CLASS students have also won some recent awards. Enzo Zaccardelli and Kyley Mollohan both won Undergraduate Research Awards for spring 2018 research work that they will do under the supervision of Kathryn Olszowy. Dr. Olszowy teaches physical anthropology in our Department of Criminology, Anthropology, and Sociology. In addition, Olivia Cohen, who studies in the School of Communication, won an Outstanding Graduate Student Teaching Assistant Award for her work teaching COM 101 last year. Moreover, Sarah Nemeth, who studies in our Department of History, won a Graduate Student Award in recognition of her historical scholarship. Ms. Nemeth works under the supervision of Mark Souther in the Center for Public History and Digital Humanities. These awards highlight the high quality student work that takes place when CLASS faculty members and students team up to advance our academic mission here at CSU.

In addition, I want to note that two of our faculty members contributed their expertise to make authoritative comments on recent political developments. One, Ed Horowitz, acted as a commentator on the President’s recent State of the Union address for Channel 19. The second, Rachel Carnell, based on her research on “secret histories” in 18th-century Britain, wrote an opinion piece in analyzing the public reactions to the recently published book Fire and Fury: Inside the Trump White House. Based on the 18th-century histories of these kinds of political insider exposés, Dr. Carnell found nothing surprising in the 21st-century reactions to Michael Wolff’s book.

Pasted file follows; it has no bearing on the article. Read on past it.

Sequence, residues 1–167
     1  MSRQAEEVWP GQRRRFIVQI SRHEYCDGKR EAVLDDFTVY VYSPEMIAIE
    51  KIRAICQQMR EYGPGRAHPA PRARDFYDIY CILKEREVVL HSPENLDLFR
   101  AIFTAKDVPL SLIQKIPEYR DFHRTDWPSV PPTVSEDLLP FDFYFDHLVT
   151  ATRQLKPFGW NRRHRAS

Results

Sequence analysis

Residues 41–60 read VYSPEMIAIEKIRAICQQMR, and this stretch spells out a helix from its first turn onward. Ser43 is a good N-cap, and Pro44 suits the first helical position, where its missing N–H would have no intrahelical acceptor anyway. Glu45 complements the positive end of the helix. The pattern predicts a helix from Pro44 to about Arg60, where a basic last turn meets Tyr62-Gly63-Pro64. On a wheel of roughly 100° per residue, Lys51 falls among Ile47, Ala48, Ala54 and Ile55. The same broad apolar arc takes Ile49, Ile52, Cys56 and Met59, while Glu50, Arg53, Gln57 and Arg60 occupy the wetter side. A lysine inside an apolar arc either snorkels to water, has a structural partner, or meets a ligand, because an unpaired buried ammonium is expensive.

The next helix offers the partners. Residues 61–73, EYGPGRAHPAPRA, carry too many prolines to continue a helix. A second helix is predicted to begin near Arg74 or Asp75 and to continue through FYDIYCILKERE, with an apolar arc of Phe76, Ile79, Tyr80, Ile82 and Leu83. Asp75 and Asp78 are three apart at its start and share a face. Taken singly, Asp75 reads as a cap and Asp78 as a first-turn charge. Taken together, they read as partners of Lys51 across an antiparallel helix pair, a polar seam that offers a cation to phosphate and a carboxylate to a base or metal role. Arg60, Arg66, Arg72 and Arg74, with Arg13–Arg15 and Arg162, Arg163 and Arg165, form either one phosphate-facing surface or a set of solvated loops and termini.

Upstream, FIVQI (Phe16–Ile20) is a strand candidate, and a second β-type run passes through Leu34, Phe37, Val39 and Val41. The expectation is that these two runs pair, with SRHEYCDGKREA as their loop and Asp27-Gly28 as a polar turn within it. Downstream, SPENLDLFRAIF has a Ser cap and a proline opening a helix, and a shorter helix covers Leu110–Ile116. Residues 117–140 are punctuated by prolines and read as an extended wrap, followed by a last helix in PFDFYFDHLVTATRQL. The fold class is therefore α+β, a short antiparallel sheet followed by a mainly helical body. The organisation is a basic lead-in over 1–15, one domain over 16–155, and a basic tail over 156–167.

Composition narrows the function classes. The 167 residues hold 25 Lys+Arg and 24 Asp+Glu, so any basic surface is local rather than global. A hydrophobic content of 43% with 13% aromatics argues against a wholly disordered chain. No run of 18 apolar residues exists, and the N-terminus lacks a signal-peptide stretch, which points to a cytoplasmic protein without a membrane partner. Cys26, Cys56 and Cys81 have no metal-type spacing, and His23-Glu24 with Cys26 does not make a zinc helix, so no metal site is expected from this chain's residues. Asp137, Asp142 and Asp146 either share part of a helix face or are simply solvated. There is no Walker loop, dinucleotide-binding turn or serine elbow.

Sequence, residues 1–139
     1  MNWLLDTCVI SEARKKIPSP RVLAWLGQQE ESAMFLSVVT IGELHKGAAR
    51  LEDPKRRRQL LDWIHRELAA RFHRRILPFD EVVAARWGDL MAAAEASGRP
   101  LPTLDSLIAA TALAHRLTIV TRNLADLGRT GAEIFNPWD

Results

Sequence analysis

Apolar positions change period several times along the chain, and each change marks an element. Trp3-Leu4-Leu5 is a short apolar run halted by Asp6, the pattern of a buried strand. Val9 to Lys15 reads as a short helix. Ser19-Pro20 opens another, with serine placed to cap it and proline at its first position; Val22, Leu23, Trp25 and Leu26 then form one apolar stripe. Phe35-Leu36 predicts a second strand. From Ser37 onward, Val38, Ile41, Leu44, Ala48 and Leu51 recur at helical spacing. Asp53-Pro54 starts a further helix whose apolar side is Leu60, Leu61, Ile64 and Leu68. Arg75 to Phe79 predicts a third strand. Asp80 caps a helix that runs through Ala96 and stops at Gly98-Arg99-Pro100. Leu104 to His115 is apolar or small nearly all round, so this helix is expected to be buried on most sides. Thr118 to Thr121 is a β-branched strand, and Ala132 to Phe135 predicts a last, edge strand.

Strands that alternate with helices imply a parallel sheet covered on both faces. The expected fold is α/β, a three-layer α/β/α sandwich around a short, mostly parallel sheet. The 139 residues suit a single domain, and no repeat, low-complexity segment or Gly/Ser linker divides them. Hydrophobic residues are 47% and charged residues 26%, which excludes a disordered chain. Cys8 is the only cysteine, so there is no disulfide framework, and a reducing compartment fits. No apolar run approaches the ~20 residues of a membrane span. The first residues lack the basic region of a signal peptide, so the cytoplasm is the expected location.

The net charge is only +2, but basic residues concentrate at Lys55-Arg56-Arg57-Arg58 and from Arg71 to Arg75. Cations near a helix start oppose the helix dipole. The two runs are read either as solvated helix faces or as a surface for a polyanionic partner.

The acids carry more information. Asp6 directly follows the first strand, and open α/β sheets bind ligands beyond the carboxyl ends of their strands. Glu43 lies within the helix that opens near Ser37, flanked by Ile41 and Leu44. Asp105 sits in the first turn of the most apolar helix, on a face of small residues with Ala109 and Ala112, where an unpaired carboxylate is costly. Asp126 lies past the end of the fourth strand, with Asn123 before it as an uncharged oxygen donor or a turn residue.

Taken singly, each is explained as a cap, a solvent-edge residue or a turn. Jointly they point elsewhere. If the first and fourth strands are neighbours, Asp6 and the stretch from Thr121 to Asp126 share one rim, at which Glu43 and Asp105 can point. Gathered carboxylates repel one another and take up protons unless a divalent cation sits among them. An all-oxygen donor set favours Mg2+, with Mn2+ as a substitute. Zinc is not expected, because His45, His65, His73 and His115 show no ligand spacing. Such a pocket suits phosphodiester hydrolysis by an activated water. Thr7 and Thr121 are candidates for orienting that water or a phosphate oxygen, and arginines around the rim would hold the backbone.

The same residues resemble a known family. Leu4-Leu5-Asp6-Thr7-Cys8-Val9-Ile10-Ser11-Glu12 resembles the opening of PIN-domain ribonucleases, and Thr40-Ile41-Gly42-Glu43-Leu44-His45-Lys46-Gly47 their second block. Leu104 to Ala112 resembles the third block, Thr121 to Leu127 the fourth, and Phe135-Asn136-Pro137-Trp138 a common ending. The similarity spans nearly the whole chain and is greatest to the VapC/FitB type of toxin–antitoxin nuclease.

Every year in the spring CLASS schedules two “Ways of Knowing” lectures, in which select faculty members share the results of the research they undertook during their professional leaves. This spring, we have invited Steve Taysom and Miyuki Tedor to address the CLASS faculty. The lectures have been scheduled for April 17th.  Please save this date on your calendars, and we will forward more details as they become available.

The long Cleveland winters not only wear us down but also isolate us. As a remedy, Cheryl Bracken is proposing a CLASS Faculty “Happy Hour.” The Happy Hour will take place on Tuesday, February 27th, at 4 p.m. at Bin 216 in Playhouse Square. Unfortunately, given the budget situation, this must be a “cash bar” event, but Cheryl is hoping that many CLASS faculty members will take the time to interact, encourage each other, and help pass away the last of the winter blahs.

Spring is not quite in the air yet—we still have several more weeks of winter to endure—but the recent announcement of a new CSU President-Elect cannot but suggest thoughts of renewal and revitalization. With the coming of spring blossoms, we will have occasions to celebrate not only President Berkman’s long record of accomplishment and transformation but also the start of a new era in the history of our university.